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How advanced metering has rocked the utility revenue protection world

Utility revenue protection activities are not like they used to be. Advancements in meter technology, reading, and data collection have had a major impact on revenue protection department operations, and for some utilities, present opportunities for a paradigm shift.

Meter reading in the field
With the manual meter reading process, meter readers—utility employees—in the field served as the revenue protection department’s primary source for leads. The monthly reading data provided little insight into customers’ usage patterns, however. The bulk of the department’s work consisted of reacting to visual observation reports of tampering meters.

New technologies
Meter reading began to evolve with the introduction of automated meter reading (AMR) devices, fitted to traditional electro-mechanical meters. AMR made good business sense, but it offered mixed benefits:
> Fixed network AMR offered more granular data, through daily (or more frequent) reads, while drive-by AMR typically provided only monthly reads.
> There were no more eyes in the field to spot mechanical tampering, which was still a problem.
> Without additional information, the tamper codes generated by AMR meters offer limited benefits.

A major technological advancement occurred through solid-state meters, which provide much more data than their electro-mechanical predecessors:
> Event logs, error codes, and outage reports can help to identify problem accounts.
> Interval data can help to identify theft patterns.

Solid-state meter devices are more susceptible to failure, however. Also, tampering is more difficult, though still possible. Nonetheless, the benefits outweigh these liabilities.

New data, new opportunities
Advanced metering infrastructure (AMI) leverages the advancements of solid-state meters by offering a continual stream of data and, thus, increased accessibility to the information:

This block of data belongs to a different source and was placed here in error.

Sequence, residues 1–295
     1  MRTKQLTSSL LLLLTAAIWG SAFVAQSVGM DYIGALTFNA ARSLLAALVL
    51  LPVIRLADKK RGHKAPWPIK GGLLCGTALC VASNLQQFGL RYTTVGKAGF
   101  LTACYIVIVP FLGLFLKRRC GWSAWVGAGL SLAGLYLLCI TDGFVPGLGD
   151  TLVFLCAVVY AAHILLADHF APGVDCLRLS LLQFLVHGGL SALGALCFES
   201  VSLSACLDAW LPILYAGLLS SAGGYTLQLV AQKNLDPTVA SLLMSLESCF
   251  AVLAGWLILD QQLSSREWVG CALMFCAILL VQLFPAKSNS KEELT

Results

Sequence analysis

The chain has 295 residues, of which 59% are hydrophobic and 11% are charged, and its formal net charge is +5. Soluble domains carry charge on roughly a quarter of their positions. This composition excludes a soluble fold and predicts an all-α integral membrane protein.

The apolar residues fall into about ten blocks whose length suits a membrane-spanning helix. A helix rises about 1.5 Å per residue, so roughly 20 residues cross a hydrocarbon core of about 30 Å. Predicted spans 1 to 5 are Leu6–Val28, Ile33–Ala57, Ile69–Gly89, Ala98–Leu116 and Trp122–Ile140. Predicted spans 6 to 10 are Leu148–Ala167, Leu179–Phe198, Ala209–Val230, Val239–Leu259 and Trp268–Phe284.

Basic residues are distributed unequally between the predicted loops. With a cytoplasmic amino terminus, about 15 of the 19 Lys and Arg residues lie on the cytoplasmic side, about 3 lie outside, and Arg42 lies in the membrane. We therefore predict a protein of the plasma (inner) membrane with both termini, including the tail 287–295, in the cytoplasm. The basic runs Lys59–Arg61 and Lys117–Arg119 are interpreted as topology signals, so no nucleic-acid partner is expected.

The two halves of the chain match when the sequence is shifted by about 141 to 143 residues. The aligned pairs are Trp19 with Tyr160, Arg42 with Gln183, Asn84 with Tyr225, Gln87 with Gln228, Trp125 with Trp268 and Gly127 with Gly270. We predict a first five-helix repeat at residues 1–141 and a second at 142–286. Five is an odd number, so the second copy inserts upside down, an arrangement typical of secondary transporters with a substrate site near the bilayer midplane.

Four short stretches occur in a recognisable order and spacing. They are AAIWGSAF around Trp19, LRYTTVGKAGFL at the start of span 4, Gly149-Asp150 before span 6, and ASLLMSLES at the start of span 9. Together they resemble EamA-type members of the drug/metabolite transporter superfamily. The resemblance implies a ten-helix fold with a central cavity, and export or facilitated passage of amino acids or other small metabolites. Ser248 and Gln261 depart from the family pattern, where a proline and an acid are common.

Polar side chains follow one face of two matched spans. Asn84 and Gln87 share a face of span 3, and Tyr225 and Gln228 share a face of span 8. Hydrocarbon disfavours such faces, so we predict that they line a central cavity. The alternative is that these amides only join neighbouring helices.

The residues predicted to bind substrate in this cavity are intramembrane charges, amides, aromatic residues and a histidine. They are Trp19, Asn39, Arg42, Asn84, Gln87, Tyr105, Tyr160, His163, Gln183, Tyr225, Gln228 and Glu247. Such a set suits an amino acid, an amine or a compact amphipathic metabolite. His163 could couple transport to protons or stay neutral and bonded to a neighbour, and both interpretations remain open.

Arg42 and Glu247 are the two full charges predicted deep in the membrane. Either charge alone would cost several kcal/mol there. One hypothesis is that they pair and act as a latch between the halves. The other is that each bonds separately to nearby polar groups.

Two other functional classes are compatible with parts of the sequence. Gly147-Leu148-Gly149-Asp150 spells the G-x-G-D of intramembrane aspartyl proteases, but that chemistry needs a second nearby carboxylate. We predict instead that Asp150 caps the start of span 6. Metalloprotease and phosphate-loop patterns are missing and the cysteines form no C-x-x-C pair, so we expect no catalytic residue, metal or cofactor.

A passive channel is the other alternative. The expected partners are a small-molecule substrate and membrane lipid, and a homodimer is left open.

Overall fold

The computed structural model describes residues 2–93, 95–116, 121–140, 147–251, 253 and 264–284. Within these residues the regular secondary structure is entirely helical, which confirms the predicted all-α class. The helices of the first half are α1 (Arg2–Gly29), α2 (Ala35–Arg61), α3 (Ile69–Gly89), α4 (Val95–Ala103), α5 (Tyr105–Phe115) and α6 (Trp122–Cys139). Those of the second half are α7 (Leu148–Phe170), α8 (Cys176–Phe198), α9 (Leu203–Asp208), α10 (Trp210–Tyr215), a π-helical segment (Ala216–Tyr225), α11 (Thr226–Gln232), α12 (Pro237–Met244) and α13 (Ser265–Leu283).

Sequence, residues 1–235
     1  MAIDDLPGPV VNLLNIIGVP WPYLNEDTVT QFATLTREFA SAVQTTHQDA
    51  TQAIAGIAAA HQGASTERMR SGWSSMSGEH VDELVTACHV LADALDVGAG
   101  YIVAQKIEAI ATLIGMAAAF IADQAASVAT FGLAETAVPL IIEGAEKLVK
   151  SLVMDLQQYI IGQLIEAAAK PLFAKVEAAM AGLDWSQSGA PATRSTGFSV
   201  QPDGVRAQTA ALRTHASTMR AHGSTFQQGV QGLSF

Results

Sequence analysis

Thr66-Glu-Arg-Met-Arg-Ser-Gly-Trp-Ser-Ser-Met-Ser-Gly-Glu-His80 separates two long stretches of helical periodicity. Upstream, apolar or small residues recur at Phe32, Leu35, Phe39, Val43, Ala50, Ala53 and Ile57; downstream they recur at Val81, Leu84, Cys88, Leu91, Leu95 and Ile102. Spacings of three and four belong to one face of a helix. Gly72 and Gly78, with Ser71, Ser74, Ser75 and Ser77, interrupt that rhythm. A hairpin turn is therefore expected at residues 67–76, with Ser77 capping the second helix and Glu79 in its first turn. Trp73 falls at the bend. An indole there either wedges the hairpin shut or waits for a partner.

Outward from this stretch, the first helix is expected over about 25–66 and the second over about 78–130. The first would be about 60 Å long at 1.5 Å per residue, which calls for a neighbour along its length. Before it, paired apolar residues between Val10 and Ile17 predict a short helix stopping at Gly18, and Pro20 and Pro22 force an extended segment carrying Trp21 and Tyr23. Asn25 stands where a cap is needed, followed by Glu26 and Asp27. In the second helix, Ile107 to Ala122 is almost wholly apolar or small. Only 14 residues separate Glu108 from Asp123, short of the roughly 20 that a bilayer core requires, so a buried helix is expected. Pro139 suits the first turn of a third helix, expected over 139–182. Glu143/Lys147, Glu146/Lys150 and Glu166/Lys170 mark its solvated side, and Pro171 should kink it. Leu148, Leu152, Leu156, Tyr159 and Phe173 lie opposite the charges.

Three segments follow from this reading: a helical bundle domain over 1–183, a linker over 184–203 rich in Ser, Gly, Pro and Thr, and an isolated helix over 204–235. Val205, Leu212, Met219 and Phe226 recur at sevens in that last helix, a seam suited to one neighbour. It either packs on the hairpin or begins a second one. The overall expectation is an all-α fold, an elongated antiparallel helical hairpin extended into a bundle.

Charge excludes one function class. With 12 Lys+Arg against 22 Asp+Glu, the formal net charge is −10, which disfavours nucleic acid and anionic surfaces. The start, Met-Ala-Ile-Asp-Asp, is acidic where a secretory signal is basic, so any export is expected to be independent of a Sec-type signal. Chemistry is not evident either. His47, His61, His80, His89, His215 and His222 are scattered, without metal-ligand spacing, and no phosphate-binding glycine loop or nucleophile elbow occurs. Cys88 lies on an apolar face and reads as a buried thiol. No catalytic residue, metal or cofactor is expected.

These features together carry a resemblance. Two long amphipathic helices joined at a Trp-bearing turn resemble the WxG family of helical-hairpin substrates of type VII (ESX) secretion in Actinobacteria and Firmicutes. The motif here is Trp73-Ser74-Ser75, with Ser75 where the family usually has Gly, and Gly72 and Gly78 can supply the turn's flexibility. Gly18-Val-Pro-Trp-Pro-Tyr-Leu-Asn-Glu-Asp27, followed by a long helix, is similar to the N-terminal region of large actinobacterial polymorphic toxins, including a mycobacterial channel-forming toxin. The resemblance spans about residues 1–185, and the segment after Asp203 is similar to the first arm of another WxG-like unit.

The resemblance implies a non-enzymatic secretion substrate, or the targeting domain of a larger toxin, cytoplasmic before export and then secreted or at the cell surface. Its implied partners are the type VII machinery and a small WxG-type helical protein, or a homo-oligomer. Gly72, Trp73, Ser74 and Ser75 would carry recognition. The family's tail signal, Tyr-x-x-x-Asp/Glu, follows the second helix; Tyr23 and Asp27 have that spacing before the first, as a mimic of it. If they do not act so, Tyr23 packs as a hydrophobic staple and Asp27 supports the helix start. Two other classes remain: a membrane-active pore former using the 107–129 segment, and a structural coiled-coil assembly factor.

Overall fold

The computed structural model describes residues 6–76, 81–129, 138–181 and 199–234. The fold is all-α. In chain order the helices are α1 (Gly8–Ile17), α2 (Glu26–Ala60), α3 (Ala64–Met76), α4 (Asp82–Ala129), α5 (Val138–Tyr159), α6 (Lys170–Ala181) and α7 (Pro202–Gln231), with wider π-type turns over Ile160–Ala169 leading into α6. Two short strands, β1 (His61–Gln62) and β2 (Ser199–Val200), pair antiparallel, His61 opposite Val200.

> Near-real-time meter data is available.
> Meter alerts indicate unusual conditions.
> Event logs track activity at the location.
> Interval data from every meter facilitates better customer load profiling.

This robust new data stream provides a solid foundation for data analytics. AMI data collection (head-end) systems and meter data management systems help transform the raw meter data into viable investigative leads. Revenue protection departments can become more proactive in leveraging the data and less reactive—reliant on field reports. Some utilities have opted to perform extensive advanced in-house analytics, with some success. Third-party analytics can expand the value of data.

In addition to enhancing traditional theft-of-service revenue recoveries, advanced metering data can also support engineering, planning, and operational functions to help reduce technical system losses.

Is your utility ready to embrace the change?
Revenue protection has historically been on the periphery of many utilities’ operations. The company-wide applicability of advanced metering data should place the concept of revenue protection at center stage, with connections to all departments. This would be a major paradigm shift for many companies. Smart utilities will utilize smart meter data to migrate revenue protection from a limited, reactive theft recovery function to a corporate-wide mindset focused on total revenue losses across all business processes.

John Kratzinger, senior revenue protection supervisor at PECO Energy, and I will present “Advanced Meter Data and Its Impact on Utility Revenue Protection Activities” at DistribuTECH, January 25, 2012, 1:30–3:00 p.m.

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